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‘We don’t blink’: Tom Allen isn’t changing much with new faces in the building

Tom Allen was researching sharks.

He was working under Dave Wommack at Ole Miss and was finding qualities of predators. The “land shark” had become an identity of the Ole Miss defense and Allen found that sharks don’t blink. They don’t have eyelids. They can’t blink.

Head Coach Tom Allen celebrates with linebacker Aaron Casey during Saturday’s 52-0 win over Eastern Illinois. (Jared Rigdon/HN)

“So therefore when we go through and talk about that, so you use that whole concept, no matter what happens, if something happens good, if something happens bad, we don’t blink,” Allen said Friday. “I had all these different qualities of a shark that we applied to our defense in how we were going to play and how we were going to perform.”

That concept applied to what Allen was building on defense at Ole Miss. Though with everything surrounding him during the offseason in Bloomington, he brought it back.

So when Allen tweeted “We don’t blink” Tuesday, there was a point. It wasn’t coach-speak. There was a message that all of his players understood.

For there has been change in Bloomington since IU walked off the field in Jacksonville following a Gator Bowl loss to Tennessee. A lot of it. Allen doesn’t want anyone to blink.

This offseason has seen offensive coordinator Kalen DeBoer leave for the head coaching job at Fresno State. Special teams coordinator William Inge followed DeBoer there. Defensive line coach Mark Hagen left for Texas. Performance coaches David Ballou and Matt Rhea both left for Alabama.

With the success IU had this past season, winning eight games and reaching the Gator Bowl, Allen’s coaching staff suddenly became quite sought after.

Quarterback Peyton Ramsey, running back Ronnie Walker and offensive tackle Coy Cronk transferred away. It looked as if promising running back and former four-star recruit Sampson James would transfer too, before announcing on Friday he would stay at IU. Tight end Peyton Hendershot was arrested in what is an ongoing case involving accusations of domestic battery.

Hendershot was suspended indefinitely by Allen shortly after the alleged incident, but is on the spring roster.

It has been a tumultuous offseason.

“We’ve had some change, we don’t blink,” Allen said. “We’ve had some guys make some mistakes. You don’t blink. You have things that happen that you don’t expect. You don’t blink. And we talk that way with our guys. So when I sent that out, they knew exactly what I was talking about because we talk about a lot in our program.”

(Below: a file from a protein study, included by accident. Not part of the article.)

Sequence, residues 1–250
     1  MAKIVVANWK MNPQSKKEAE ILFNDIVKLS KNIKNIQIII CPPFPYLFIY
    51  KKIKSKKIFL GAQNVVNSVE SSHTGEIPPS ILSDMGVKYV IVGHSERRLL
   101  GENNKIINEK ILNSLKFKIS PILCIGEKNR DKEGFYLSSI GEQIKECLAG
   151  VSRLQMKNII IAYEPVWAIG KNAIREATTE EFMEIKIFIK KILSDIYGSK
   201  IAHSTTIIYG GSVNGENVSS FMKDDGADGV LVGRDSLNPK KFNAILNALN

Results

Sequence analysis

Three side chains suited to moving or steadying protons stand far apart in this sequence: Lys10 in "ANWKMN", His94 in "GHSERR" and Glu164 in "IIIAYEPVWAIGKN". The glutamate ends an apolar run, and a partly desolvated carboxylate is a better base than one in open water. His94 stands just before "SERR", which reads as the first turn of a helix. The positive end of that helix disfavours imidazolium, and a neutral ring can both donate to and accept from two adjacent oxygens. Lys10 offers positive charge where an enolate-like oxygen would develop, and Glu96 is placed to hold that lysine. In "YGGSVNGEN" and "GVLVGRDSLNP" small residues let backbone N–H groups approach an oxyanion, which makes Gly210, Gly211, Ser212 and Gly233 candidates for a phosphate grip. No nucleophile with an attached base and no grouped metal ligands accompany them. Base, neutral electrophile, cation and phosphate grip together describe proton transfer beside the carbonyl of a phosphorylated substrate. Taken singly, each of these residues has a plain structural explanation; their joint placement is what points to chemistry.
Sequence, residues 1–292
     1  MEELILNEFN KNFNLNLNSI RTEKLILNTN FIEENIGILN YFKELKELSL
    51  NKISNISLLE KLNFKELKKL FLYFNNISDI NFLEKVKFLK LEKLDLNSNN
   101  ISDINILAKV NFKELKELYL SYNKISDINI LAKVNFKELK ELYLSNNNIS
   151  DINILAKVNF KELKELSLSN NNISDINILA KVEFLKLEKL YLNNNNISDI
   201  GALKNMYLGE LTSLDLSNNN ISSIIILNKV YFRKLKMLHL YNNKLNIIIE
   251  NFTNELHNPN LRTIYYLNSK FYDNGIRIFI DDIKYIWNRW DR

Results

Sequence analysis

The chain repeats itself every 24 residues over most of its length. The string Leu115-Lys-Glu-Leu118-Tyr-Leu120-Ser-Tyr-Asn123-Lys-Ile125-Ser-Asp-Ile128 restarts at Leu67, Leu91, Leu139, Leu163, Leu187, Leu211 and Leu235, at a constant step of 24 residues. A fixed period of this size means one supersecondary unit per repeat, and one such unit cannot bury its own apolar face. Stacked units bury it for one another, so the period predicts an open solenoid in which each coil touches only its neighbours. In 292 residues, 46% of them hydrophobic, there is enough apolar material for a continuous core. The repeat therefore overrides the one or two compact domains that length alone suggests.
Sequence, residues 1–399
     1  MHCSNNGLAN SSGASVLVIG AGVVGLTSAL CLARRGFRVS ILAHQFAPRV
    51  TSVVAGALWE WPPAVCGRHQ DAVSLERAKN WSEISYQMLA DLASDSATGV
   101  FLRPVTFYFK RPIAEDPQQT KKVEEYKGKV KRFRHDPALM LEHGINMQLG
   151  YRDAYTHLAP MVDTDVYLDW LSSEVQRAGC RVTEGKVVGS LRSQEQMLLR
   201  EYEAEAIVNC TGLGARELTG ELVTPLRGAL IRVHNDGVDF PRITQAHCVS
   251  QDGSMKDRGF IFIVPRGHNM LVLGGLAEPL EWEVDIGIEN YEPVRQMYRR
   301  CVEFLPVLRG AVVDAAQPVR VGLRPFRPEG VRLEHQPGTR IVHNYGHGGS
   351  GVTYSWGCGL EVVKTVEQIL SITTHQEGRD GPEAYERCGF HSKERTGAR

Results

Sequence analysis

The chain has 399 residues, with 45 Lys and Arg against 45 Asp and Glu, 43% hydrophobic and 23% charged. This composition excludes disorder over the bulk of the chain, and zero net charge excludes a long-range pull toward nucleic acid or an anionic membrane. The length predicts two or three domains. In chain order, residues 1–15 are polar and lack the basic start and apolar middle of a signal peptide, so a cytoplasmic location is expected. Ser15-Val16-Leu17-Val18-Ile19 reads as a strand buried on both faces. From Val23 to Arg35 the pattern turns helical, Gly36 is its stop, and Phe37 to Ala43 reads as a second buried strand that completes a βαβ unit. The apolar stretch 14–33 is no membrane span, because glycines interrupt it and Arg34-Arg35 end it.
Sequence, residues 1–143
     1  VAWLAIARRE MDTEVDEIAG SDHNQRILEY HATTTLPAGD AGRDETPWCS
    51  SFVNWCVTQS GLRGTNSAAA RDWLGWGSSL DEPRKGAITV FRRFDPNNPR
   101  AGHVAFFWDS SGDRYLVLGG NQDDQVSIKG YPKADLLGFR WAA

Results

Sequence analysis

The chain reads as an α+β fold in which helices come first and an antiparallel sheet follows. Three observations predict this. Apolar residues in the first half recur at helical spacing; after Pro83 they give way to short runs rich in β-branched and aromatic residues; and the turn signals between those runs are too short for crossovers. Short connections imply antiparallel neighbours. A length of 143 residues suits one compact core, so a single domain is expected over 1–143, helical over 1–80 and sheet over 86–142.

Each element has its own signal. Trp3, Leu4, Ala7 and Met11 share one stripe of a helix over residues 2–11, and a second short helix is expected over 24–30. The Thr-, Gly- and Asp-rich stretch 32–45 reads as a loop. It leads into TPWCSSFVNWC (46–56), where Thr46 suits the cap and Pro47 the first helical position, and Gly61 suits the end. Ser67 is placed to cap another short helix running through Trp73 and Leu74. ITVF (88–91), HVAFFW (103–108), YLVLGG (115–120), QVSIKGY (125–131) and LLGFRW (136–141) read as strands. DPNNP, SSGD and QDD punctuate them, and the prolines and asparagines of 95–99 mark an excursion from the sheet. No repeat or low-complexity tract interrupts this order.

So Allen had to ask his team to trust him. He asked his team if anyone knew of Ballou or Rhea before they were hired. Almost no one had. That includes Allen.

With so many vacancies he had to fill, Allen ensured his team that if they trust him, he’ll find the right coaches. The losses of Ballou and Rhea aren’t filled yet, and for Allen that’s been one of the most difficult adjustments, especially as spring practice starts Saturday. There will just have to be new faces at those practices.

“When you do something that hasn’t happened in 26 years, people take note,” Allen said. “I just feel like that’s the nature of having some success, and we’ve obviously got a long ways to go. It was a great first step to get where we want to be, and those are positive things, but I think with that comes change.”

The most notable change comes at offensive coordinator, though it isn’t with a new face. Nick Sheridan steps into the role DeBoer left and being an internal hire, is expected to maintain much of the schemes that were so productive in IU’s 2019 season. He won’t have to preside over a quarterback competition either as Michael Penix is healthy, and knows its his team now.

Allen said Sheridan wanted the offensive coordinator job when DeBoer was hired — Allen didn’t think he was ready.

Now, after a year coaching the tight ends, which Sheridan hadn’t done before, Allen felt it was time.

“I just believe if you’re a really good coach, you can coach about any position, and so we get rigid where we think, oh, he’s an O-line guy or he’s a D-line guy or he’s a this guy or that guy, I just don’t believe that,” Allen said. “And I saw that from Nick.”

And those new faces include tight ends coach Kevin Wright, who coached at IMG Academy in Florida and Carmel High School in Indiana. His recruiting ties to Florida having coached at a premier high school program builds on what is an IU pipeline in Florida. The same applies to new safeties coach Jason Jones. IU also recently hired Kevin Peoples from Tulane to the the new defensive line coach, filling Hagen’s job.

Allen said he thinks the staff is already fitting together well. There is already a chemistry and for him, it doesn’t feel like all that much has changed. There’s now a Gator Bowl patch on Allen’s typical black quarter-zip jacket signifying the recent success, but the internal alterations have worked well with relationships among the coaches that already existed.

It isn’t all put together yet — Allen still has to find new strength coaches. There are still personnel questions to answer with transfers and legal situations surrounding the players. Yet at least for now, Allen isn’t blinking.

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